Independent Social Democratic Party of Germany

(Unabhangige Sozialdemokratische Partei Deutschlands, USPD)
   Founded at Gotha on 6 April 1917 by about 120 socialists who had split with the SPD, the USPD was antedated by the Sozialdemokratische Arbeitsgemeinschaft (Social Democratic Alliance), a group of 18 Reichstag* members—including Hugo Haase,* Eduard Bernstein, Wilhelm Dittmann,* and Franz Mehring—expelled from the SPD in 1916 for failing to support a vote for war credits. The USPD s statutes were based largely on those of the SPD; indeed, a Party program was never produced. But a USPD manifesto demanded amnesty for political pris-oners, unrestricted assembly and association, freedom of the press, the eight-hour workday, and universal suffrage via secret ballot. The Party chose Haase and Georg Ledebour* as cochairmen, with Dittmann as Party secretary. Affili-ated with the USPD, but clearly autonomous, were the Spartacus Group (see Spartacus League*), led by Rosa Luxemburg* and Karl Liebknecht,* and the Revolutionary Shop Stewards.* As the USPD could count on support from nu-merous electoral districts that were part of the SPD organization, it was im-mediately a mass party. Its central organ was the Leipziger Volkszeitung, renamed Die Freiheit in November 1918.
   On 10 November 1918 the USPD formed a coalition with the SPD that pro-duced the Council of People s Representatives.* Strained from the outset by a history of conflict, this interim cabinet collapsed on 29 December when, out-raged by military action taken unilaterally by their colleagues, the three USPD members resigned. Two days later Party members attached to the Spartacists separated to form the KPD. The USPD received 2.3 million votes (7.6 percent) and twenty-two mandates in the January 1919 National Assembly* elections; the faction formed the Left opposition in the chamber. During the next eighteen months the USPD grew to 893,000 members and enjoyed increasing influence with organized labor, especially metalworkers. In the Reichstag elections ofJune 1920 the Party attained 4.9 million votes (18.8 percent) and a faction of eighty-one seats. But events since the Kapp* Putsch had radicalized its left wing, and the electoral surge was negated at the October 1920 Party Congress. Beset since the November Revolution* by a rift over the issue of parliamentary versus coun-cil government, the USPD split when 237 delegates joined Ernst Daumig* in voting to enter the Moscow-directed Comintern. The opposition—the 156 votes behind Artur Crispien* and Dittmann—endured as the USPD; those who fol-lowed Daumig joined the KPD in December 1920. In January 1922 the USPD claimed about 300,000 members; yet, animated by the assassination* of Walther Rathenau* and the growth of right-wing radicalism, the membership voted in September to reenter the SPD. A tiny minority maintained its independence as a splinter group.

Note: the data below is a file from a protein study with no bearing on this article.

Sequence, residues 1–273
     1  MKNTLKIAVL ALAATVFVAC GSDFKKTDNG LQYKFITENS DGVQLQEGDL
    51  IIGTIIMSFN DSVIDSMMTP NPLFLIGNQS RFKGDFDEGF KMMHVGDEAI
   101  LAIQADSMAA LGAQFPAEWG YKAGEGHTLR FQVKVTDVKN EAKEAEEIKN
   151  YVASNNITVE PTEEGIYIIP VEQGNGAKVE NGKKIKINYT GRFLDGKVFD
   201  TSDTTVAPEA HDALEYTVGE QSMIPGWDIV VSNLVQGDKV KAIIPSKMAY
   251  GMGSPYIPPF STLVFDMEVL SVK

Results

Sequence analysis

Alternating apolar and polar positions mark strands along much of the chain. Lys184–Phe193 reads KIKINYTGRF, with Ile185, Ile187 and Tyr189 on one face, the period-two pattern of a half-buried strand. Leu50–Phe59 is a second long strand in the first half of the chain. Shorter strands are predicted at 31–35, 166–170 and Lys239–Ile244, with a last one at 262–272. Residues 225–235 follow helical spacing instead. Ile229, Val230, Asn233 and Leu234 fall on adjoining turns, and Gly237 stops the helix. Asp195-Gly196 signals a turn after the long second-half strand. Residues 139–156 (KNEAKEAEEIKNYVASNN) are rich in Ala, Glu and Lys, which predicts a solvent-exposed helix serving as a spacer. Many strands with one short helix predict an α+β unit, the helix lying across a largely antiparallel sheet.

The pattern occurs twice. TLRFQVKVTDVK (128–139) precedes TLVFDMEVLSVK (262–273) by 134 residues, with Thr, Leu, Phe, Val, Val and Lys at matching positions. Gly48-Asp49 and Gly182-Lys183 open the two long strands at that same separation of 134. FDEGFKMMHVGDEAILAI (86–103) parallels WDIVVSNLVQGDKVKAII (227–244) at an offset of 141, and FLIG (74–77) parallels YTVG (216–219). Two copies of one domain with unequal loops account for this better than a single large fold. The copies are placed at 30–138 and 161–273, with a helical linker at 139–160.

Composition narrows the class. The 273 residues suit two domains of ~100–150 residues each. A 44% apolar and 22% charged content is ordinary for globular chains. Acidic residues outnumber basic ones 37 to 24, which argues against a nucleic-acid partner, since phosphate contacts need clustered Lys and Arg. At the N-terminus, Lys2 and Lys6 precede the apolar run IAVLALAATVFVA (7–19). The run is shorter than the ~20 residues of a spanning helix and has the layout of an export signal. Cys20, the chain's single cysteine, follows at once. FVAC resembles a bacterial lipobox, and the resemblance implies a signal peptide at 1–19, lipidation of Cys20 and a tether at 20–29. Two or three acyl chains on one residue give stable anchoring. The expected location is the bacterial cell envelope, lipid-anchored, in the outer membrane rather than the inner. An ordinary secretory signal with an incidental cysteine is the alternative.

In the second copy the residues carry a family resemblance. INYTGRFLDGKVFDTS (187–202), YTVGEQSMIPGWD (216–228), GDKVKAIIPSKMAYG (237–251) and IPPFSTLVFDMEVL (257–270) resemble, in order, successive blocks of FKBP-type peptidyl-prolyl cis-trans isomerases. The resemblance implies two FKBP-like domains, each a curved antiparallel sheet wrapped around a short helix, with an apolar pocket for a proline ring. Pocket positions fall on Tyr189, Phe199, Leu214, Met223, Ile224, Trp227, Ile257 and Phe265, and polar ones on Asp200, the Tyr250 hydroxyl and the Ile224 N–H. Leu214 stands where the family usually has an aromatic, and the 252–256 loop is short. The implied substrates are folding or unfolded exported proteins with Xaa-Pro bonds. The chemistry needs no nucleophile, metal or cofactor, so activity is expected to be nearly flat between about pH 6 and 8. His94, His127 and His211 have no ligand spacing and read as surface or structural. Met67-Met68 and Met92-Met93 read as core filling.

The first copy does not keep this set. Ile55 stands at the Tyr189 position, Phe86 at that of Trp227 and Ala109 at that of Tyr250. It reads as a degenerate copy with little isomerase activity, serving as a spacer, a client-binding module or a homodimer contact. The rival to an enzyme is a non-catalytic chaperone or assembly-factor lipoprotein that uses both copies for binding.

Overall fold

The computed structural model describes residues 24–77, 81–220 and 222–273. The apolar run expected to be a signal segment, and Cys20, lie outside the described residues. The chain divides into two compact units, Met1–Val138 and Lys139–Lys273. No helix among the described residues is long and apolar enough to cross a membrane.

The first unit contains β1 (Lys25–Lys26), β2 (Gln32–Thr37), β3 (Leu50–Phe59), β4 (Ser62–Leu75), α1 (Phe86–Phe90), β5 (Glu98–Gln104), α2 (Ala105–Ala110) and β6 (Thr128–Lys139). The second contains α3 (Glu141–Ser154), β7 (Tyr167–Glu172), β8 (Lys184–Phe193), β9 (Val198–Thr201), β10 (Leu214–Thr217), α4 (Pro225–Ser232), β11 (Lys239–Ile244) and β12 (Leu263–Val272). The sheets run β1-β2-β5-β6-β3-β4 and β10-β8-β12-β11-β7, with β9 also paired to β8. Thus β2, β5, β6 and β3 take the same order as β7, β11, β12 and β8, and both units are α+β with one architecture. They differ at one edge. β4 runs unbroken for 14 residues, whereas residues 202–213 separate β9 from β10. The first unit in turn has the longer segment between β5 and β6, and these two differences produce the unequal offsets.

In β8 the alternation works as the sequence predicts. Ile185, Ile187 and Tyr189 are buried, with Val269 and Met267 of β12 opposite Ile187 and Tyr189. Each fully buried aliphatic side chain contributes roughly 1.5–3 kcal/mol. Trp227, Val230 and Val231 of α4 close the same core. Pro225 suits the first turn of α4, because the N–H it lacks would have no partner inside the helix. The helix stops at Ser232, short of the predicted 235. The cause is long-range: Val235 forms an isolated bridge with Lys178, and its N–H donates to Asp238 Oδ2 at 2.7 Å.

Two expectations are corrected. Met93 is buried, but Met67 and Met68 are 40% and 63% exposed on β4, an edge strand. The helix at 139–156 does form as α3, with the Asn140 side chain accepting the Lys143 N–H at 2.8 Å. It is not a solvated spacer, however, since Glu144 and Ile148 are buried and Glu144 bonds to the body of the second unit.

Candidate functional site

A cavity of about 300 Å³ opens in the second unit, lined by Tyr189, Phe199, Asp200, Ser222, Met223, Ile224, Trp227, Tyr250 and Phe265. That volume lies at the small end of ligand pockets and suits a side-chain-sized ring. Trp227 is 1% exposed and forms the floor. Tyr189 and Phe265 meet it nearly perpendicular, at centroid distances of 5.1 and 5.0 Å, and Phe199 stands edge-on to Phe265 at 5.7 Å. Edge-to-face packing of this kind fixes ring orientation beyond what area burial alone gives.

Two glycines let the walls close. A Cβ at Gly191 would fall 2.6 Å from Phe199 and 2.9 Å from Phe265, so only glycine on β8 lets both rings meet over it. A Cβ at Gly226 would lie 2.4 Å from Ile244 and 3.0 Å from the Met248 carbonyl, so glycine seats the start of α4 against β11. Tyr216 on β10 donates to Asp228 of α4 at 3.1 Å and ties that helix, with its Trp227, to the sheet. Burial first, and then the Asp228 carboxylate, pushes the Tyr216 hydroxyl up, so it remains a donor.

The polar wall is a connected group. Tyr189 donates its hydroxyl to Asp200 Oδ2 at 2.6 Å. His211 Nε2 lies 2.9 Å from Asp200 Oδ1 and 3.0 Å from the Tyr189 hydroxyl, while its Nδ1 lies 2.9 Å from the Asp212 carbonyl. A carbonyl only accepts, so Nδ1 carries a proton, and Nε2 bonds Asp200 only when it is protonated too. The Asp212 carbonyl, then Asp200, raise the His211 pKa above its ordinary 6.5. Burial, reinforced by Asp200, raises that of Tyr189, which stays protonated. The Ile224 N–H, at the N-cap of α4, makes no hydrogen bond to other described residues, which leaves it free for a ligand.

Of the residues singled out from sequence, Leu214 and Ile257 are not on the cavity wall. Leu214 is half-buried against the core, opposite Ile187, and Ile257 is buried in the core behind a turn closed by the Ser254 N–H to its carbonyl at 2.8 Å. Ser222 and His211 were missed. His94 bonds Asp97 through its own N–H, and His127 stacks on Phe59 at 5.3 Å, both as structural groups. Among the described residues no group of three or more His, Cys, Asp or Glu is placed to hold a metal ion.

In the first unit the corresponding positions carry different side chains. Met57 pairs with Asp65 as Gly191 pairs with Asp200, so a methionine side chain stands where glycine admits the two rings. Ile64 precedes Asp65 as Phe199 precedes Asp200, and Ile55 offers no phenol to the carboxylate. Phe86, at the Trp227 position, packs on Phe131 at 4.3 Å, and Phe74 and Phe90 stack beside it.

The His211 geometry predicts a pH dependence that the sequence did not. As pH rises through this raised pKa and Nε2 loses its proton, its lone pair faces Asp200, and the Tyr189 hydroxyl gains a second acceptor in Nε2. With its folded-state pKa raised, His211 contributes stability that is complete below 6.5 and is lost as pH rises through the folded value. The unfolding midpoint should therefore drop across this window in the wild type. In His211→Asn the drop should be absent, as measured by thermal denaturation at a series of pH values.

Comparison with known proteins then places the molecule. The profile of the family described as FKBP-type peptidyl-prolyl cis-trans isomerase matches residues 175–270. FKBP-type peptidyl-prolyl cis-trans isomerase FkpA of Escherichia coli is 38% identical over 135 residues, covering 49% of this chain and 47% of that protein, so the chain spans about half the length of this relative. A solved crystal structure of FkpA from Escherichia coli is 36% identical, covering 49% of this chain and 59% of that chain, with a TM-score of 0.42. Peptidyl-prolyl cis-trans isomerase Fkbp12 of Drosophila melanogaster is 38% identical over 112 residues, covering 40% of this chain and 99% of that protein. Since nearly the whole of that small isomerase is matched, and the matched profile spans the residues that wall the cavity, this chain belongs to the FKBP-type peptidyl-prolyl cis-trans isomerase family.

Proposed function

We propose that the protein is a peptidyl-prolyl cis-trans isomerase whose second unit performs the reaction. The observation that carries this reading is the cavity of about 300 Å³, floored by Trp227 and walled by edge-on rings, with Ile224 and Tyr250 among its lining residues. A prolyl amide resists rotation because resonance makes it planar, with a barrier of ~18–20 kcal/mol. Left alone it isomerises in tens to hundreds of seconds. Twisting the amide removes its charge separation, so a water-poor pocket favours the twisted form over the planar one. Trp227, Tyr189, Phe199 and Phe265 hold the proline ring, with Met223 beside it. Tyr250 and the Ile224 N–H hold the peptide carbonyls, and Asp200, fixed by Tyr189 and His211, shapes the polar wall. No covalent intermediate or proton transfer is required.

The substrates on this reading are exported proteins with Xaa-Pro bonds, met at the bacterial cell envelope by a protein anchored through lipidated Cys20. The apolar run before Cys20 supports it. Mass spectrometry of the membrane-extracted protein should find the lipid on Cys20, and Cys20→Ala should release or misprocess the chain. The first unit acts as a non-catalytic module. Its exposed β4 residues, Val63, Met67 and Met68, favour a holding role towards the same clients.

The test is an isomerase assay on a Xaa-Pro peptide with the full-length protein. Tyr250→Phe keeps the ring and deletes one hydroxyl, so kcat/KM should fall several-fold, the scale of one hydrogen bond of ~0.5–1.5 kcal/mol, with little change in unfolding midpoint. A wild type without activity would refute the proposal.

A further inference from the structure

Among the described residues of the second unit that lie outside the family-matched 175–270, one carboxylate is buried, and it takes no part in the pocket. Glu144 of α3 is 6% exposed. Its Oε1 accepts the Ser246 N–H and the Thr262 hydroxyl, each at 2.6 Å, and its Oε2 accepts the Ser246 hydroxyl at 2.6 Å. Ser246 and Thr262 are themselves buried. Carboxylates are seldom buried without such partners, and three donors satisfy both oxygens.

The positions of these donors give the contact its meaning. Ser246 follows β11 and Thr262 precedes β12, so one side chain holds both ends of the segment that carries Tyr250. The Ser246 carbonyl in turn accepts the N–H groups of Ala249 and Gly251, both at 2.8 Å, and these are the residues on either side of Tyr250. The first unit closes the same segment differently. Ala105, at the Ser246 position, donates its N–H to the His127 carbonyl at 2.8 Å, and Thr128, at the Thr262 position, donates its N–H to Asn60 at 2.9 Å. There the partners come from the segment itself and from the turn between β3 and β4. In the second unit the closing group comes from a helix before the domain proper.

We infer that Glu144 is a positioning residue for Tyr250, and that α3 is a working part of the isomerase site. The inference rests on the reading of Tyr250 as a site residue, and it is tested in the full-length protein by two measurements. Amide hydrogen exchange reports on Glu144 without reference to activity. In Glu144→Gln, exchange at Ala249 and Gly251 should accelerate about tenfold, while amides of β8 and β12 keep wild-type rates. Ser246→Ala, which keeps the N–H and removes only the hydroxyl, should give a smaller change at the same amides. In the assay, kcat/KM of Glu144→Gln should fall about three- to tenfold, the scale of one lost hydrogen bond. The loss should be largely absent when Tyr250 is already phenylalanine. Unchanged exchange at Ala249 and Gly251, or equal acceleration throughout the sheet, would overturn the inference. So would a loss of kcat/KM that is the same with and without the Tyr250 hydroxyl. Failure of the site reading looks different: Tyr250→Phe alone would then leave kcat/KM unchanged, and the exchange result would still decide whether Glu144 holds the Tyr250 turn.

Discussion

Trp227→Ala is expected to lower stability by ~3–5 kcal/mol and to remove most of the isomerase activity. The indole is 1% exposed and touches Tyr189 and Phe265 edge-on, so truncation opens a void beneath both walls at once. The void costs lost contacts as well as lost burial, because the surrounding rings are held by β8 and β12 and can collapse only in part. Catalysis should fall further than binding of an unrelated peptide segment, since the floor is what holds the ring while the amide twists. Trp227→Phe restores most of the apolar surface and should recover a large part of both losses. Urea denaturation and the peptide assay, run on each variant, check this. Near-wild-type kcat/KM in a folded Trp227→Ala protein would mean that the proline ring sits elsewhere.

Marked by fuzziness of purpose, the USPD is sometimes perceived as a doomed experiment. The Party was born out of pacifism and the SPD's policy of sustaining the German war effort, and a large segment of the Party s mem-bership remained wedded to the ideology advocated by the SPD. (Bernstein, although he was a pacifist, stood to the ideological Right of the parent Party.) What posture might such individuals assume once the war no longer separated them from former colleagues? The bloc centered on Haase, Bernstein, Dittmann, and Karl Kautsky—later known as centrists—did not, however, dominate Party ideology. Nor was the USPD monopolized by the revolutionary Marxism as-sociated with the Spartacists. From its inception, the rank and file were driven by the growing discontent associated with the food crisis and other hardships tied to the wartime blockade.* Those linked to this groundswell were motivated neither by pacifism nor by evolutionary Marxism; indeed, their radicalism, ex-emplified by the armaments strike of January 1918, was only rarely tied to political goals. Thus, when November 1918 arrived, the USPD lacked a clear direction. The ensuing division between those favoring parliamentary or council rule festered until October 1920. By then, historians argue, the ideal of socialist unity was long dead and the foundation of the Republic was, in consequence, flawed.
   REFERENCES:Berlau, German Social Democratic Party; Morgan, Socialist Left; Schor-ske, German Social Democracy.

A Historical dictionary of Germany's Weimar Republic, 1918-1933. .

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